Wednesday, 15 July 2009

Why am I so tired?

Most of us struggle to spring out of bed in the morning - 3 out of 4 of us wake up exhausted and 60% of women feel tired all the time.

Obviously if you're not sleeping between 7 and 10 hours every night then a lack of sleep doesn't exactly help. But even factors like how you sleep and your bedclothes can make you feel tired too.

A study by Horlicks found that around 10 million people are so shattered in the morning that they struggle to get out of bed. So if you think you're getting enough sleep we've got 10 common reasons why you might still be tired.

1. Is your pillow comfortable enough?

Even if you go to bed early and think you're sleeping through until morning your pillow could be undoing all this good work.

The right pillow will support your neck and spine and prevent back pain.

An old or uncomfortable pillow means that you'll toss and turn all night which stops your body getting the rest it needs, making you feel tired.

Pillow test: Place the middle of the pillow over your arm, if the sides hang down it's time to buy a new one!

2. Do you wake up a lot in the night?

A lot of us wake up in the night so briefly that we can't remember doing it, making us think we've slept right through. But if you do this more than five times a night it can be equivalent of losing an hour's sleep!

Ask yourself, is my room too light? Does my partner snore? Am I worried about things? These can all make you wake up.

- If your room is too light get new curtains, a blackout blind or even an eye-mask.
- If your room is to cold or hot adjust your heating or put on extra layers.
- If your partner snores buy ear-plugs. or move to a different room if possible
- If you're worried about things, write them all down before you go to bed and deal with them in the morning.
- If you get up to go to the toilet a lot reduce how much you drink two hours before you go to bed.

3. Are you on medication?

There are a lot of tablets and pills that can make you drowsy. A lot of antihistamines in particular warn you not to operate heavy machinery

Many of us don't automatically link the two, even if it does say so in the side effects so if you're on medication this could be making you tired. Or it might be a mixture of tablets which on their own wouldn't affect you but together they might.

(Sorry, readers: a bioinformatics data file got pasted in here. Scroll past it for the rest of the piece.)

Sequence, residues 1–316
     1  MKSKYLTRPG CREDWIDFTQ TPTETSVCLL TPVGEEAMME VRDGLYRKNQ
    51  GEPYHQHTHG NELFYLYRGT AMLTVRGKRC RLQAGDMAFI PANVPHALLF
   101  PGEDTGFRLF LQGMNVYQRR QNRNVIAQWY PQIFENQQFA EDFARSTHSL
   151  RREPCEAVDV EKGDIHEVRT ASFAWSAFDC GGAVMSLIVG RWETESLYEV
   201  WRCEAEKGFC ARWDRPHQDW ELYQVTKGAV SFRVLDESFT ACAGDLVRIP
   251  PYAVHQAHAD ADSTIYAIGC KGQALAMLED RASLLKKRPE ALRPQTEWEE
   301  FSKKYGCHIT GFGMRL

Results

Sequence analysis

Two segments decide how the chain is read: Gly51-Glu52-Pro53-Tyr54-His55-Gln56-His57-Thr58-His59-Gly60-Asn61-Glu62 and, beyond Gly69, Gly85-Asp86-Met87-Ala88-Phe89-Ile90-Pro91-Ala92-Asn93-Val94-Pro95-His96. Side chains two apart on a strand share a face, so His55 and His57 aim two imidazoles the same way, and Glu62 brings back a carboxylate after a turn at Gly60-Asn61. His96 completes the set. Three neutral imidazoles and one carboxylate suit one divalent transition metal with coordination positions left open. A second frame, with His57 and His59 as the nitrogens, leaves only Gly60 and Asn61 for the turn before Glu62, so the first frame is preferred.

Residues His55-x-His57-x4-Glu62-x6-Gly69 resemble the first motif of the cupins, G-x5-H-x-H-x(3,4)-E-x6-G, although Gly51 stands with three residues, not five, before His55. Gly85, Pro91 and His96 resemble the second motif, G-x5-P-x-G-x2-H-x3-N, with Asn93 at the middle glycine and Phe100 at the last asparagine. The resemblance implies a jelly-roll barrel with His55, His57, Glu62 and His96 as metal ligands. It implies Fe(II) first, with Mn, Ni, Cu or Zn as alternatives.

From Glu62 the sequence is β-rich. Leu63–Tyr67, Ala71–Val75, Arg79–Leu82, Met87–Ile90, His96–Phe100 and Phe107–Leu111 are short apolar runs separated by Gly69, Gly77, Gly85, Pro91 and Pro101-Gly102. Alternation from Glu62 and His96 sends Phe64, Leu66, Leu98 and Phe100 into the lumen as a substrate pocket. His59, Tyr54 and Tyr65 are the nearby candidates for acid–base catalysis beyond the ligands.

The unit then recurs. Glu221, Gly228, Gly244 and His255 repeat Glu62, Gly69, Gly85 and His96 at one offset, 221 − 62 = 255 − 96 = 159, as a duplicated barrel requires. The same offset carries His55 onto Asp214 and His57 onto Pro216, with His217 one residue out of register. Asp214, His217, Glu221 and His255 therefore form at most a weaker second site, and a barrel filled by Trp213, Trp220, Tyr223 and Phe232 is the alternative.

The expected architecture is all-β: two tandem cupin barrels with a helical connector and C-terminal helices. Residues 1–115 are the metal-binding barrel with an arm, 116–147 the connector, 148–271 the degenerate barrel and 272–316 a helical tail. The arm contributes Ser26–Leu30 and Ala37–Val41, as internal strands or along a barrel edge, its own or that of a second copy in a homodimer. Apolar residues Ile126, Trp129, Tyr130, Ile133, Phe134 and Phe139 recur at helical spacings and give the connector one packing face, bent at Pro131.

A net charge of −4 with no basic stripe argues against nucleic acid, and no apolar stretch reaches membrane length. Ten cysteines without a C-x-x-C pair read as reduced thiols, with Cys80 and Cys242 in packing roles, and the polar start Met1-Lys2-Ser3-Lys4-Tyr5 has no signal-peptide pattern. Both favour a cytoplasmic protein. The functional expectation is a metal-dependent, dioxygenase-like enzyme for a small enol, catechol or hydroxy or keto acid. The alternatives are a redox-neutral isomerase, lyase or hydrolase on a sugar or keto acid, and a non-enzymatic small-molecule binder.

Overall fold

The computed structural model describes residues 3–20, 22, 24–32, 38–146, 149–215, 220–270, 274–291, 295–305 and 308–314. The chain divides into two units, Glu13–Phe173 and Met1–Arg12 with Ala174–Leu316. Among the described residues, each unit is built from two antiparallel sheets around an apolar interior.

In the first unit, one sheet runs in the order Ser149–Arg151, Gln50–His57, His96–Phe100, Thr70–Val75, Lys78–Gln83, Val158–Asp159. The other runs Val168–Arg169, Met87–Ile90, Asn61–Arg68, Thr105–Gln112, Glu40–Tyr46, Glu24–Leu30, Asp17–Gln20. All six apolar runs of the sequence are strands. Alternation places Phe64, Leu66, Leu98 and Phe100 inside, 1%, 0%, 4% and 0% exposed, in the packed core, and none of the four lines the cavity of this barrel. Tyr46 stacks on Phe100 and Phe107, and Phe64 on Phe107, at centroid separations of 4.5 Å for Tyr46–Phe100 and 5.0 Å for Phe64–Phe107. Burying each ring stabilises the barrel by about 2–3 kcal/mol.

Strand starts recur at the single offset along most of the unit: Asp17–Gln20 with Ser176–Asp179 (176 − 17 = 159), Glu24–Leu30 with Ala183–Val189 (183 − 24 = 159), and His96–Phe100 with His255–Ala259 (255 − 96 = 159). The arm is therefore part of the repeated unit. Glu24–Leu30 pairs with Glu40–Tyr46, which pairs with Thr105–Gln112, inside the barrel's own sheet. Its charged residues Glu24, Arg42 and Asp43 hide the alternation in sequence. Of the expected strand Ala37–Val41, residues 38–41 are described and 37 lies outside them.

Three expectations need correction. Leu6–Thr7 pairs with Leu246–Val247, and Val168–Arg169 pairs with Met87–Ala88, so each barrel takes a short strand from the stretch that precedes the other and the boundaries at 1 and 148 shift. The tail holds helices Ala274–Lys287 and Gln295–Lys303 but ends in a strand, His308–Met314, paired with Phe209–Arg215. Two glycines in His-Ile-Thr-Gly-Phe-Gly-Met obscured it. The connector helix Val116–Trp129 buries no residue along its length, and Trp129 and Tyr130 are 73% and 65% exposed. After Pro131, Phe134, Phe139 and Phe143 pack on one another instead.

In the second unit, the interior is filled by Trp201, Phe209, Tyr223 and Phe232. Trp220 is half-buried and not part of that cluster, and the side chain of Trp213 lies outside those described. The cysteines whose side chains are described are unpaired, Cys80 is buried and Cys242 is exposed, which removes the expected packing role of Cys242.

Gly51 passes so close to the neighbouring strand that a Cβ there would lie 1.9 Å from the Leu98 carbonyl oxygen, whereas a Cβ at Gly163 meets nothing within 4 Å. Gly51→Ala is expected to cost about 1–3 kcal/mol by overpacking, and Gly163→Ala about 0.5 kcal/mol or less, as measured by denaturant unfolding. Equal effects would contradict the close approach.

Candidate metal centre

Have another look at the leaflets you get with tablets to check and if you're worried have a chat with your doctor who might be able to suggest a solution.

4. Do you drink a lot of coffee?

Loads of us will have a cup of tea or coffee to wake us up in the morning and help us function properly. It does help initially but as the day goes on the high that the coffee gave you will wear off.

This will leave you feeling drowsy and sleepy and on some occasions worse than you would if you'd not had the coffee in the first place. Caffeine never gets rid of your tiredness, it just masks it and it'll also stop you getting to sleep at night, so it's a vicious circle.
You might be tired for a few days if you've recently given up caffeine or chocolate too because your body will be craving it and not letting you sleep properly. Once it's out of your system though you'll sleep a lot better.

5. Do you drink enough water?

There are loads of health benefits of drinking more water and making you feel less tired is one of them.

It boosts your immune system and energy levels because your body uses it as fuel to do everyday things.

It prevents headaches and mood swings and helps you digest the food you eat. And it's particularly good for helping your body break down fibre. If fibre builds up inside you it can make you bloated, lethargic and feel 'heavy' - all of which make you sleepy.

If you up your fibre intake you have to drink more water for it to pass through your system properly.

6. Could there be an underlying health problem?
Depression, Seasonal Affective Disorder (SAD) and going through the menopause can all make you feel tired, fed up and sluggish as well as messing up your sleep pattern.

People who have SAD need a lot of sunshine to boost their mood and energy levels, so much so that many buy light boxes to simulate sunshine during the winter. And if you suffer from depression or are struggling with the symptoms of the menopause there are natural ways you can boost your energy levels which will make you feel happier, more awake and help you cope with all that the menopause might throw at you!

There are other health problems which can make you tired like hypothyroidism, diabetes, high and low blood pressure and Irritable Bowel Syndrome. If you're worried talk to your doctor.


  1. good post - I am shattered, and probably for most of those reasons! Plus others which we know about heh heh.

    I suffered from SADS before last year [since arriving in the UK], and I didn't even know until it was explained by the GP. I thought he was kidding!

    And it's not helping that the weather is so 'heavy'...roll on the summer? ;o)

  2. Tracey, this is an excellent post! I am one of those who walks around in a zombie state at times. In fact, there area days when I could easily sleep 20 of the 24 hours in a day! I blame it on my diagnosis/treatment/recovery, but your post has me thinking about water and pillows! Good points. Thanks for posting this.

  3. I read the "About Me". You are one incredibly amazing woman! There is so much positive energies in you.